Date: Tuesday, 01 February 2005
Posted by: Coal Island
Tags: Tracks

In February 2005, a team of 16 volunteers spent 5 days cutting tracks on Coal Island. The cutting of the tracks which had been marked out by Kisbee Lodge caretaker Johan Groters during the winter of 2004, was the next step in preparation for the eradication of introduced pests from the island.

There are many historical sites from the goldmining of the 1890’s on the island. To ensure these would not be damaged by the new tracks, an archeologist inspected the alignment of the tracks prior to the cutting work getting under way. Some minor changes were made upon his recommendation to avoid sensitive areas.

Because of the rugged nature of much of the coastline, a helicopter was used to transport volunteers to the western side of the island where a helipad was cut as one of the first tasks undertaken. Boat access was possible at the eastern end of the island at Moonlight Point and mid-way along the shore on Otago Retreat.

Apart from scrub on the western and northern coasts, most of the island is covered in a mixture mature podocarp (mainly rimu and miro) and rata. The understory is surprisingly open – mostly ferns. The track cutting gangs were usually organized in teams of 3 – one bushman with a chainsaw, another with a scrub-bar and a third person to follow-up, clearing debris off the track and carry fuel and oil.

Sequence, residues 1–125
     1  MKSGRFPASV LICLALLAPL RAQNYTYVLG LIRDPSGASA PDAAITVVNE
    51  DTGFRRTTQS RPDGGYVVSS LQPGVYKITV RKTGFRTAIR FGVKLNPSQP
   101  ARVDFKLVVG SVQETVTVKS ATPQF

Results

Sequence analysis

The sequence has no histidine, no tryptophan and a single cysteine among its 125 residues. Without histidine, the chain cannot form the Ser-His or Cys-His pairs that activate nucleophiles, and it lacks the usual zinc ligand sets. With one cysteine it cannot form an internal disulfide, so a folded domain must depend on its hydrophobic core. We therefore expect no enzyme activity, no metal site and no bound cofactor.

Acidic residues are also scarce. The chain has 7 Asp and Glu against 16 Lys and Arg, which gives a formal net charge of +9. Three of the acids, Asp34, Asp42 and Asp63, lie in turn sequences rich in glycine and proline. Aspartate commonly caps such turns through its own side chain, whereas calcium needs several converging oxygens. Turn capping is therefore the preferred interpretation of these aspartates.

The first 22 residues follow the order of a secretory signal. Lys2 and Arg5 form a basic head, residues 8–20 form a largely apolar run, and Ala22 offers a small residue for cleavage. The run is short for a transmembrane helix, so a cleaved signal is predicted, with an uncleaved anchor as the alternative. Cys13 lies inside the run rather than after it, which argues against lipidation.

The volunteers were based at Kisbee Lodge which is located 4km east of Moonlight Point. The Lodge is the perfect venue with ample accommodation, large kitchen, lounge and dining areas.

In all, 15km of tracks were cut during the week. A perimeter track parallel to the coast between 200 and 500m inland and a track starting at Moonlight Point and running west across the island to meet the perimeter track at the helipad.

A site was cleared on the terrace above Moonlight Point for a Portacom donated by Arrow International. This will provide storage for gear and emergency shelter for personnel working on the island in the future.